May 2, 2012

Atheists, Fundamentalists, and Empathy

A title in Raw Story really caught my eye.  “Study:  Atheists more driven by compassion than highly religious people.”  As a PK (preacher’s kid) and an observer of human behavior for almost 60 years, this comes as no shock to me.  What surprises me is that this connection is finally being made in a larger venue than the whispers and shakes of the head I have seen when I bring this topic to light.

I have blogged earlier about the hijacking of Christianity in self-titled fundamental Christian churches.  Trust me, they are nothing close to fundamentalists.  I had a conversation with a conservative acquaintance who spouted all kinds of incorrect facts to me to make her point.  I asked her to give me websites for proof to back up her assertions.  All she should tell me was that she heard people say they were doing what she proclaimed they were doing.  I then asked her that if I said I was a millionaire, then that must be true—because I had said it.  Just because people call themselves fundamentalists does not make them fundamentalists.
According to the journal Social Psychological and Personality Science out of the University of California (,  “Overall, we find that for less religious people, the strength of their emotional connection to another person is critical to whether they will help that person or not,” said UC Berkeley social psychologist Robb Willer, a co-author of the study. “The more religious, on the other hand, may ground their generosity less in emotion, and more in other factors such as doctrine, a communal identity, or reputational concerns.”
Why is this?  What has happened that has completely derailed the decency that one would expect from an organization that professes Christian beliefs?  As I have said before, money certainly plays a big role in this—particularly in the mega-church organizations.  However, this goes beyond that.  Barry Goldwater, one of the co-founders of the modern conservative movement, observed the following in 1981.
"There is no position on which people are so immovable as their religious beliefs. There is no more powerful ally one can claim in a debate than Jesus Christ, or God, or Allah, or whatever one calls this supreme being. But like any powerful weapon, the use of God's name on one's behalf should be used sparingly. The religious factions that are growing throughout our land are not using their religious clout with wisdom. They are trying to force government leaders into following their position 100 percent. If you disagree with these religious groups on a particular moral issue, they complain, they threaten you with a loss of money or votes or both. I'm frankly sick and tired of the political preachers across this country telling me as a citizen that if I want to be a moral person, I must believe in 'A,' 'B,' 'C,' and 'D.' Just who do they think they are? And from where do they presume to claim the right to dictate their moral beliefs to me? And I am even more angry as a legislator who must endure the threats of every religious group who thinks it has some God-granted right to control my vote on every roll call in the Senate. I am warning them today: I will fight them every step of the way if they try to dictate their moral convictions to all Americans in the name of 'conservatism.' "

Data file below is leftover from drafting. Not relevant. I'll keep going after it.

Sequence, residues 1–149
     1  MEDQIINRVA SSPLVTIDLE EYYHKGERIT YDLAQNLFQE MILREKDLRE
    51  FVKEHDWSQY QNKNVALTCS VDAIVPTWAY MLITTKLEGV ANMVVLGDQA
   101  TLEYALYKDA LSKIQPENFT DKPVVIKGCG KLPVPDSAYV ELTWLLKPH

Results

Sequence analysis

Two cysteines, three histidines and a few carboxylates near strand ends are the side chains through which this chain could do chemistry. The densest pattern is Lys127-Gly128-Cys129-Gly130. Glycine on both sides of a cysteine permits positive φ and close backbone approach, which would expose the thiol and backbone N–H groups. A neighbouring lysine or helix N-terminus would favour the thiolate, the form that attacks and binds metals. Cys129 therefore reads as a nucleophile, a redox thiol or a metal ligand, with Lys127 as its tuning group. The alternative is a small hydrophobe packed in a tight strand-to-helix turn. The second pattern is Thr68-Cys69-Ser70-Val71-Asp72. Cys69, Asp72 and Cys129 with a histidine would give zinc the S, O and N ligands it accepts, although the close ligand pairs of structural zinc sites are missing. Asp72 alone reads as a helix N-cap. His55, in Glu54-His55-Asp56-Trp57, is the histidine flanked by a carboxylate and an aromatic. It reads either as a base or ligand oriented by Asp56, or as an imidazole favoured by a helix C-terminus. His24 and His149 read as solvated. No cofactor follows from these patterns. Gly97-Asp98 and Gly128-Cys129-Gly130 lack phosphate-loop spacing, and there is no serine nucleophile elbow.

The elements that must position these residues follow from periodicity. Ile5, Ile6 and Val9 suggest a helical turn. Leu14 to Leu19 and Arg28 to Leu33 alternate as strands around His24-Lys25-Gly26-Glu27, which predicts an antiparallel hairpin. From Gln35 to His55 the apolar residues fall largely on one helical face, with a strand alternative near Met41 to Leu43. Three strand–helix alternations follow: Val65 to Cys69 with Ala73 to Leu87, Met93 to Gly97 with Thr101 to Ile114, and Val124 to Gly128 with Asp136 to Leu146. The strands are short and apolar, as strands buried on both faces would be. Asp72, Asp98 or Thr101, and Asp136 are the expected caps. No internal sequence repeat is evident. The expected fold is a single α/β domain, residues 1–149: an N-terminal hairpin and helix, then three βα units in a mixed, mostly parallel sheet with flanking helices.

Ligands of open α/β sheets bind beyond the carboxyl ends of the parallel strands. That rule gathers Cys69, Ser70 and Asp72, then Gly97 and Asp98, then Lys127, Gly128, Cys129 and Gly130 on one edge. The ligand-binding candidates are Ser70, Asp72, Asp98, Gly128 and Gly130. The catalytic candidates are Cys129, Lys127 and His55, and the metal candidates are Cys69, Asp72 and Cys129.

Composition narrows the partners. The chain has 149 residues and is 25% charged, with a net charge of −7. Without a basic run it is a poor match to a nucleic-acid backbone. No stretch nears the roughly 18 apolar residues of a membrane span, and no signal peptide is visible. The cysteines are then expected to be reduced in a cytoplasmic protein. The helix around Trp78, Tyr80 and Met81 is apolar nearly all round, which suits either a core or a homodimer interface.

I believe he hit the nail on the head.  One problem with these people is that they will have no compromise whatsoever.  While I understand why they do it, it is unreasonable to demand this in a heterogeneous society.  The biggest problem, however, is that the assumptions or “facts” that they base their arguments upon are largely incorrect. 
First of all, this country is not a Christian country.  It was founded as a Constitutional separation between any church and the state, which drives them absolutely crazy.  James Madison, author of the Bill of Rights, gave his first veto against a bill that gave a religious group money to take care of indigent people.  While he agreed with the intent, he disagreed with the role of government giving public money to religious organizations, something that GW Bush and Obama have since allowed.
Now we see that these “religious” organizations do not even believe in the basic tenets of Jesus Christ (feeding the hungry, housing the homeless, curing the sick, taking care of the children, turning the other cheek, etc.) unless a profit is involved.  Yes, government is important in taking care of its people (the common good), but does not need to be involved in the accessory aspect of society.  It is the right thing to do.  It is the just thing to do.  Now, however, being a fundamentalist means turning your back on such ideas. At least, now it is being discussed.  Maybe a movement will develop that will remove the tax-exempt of these havens for the rich.

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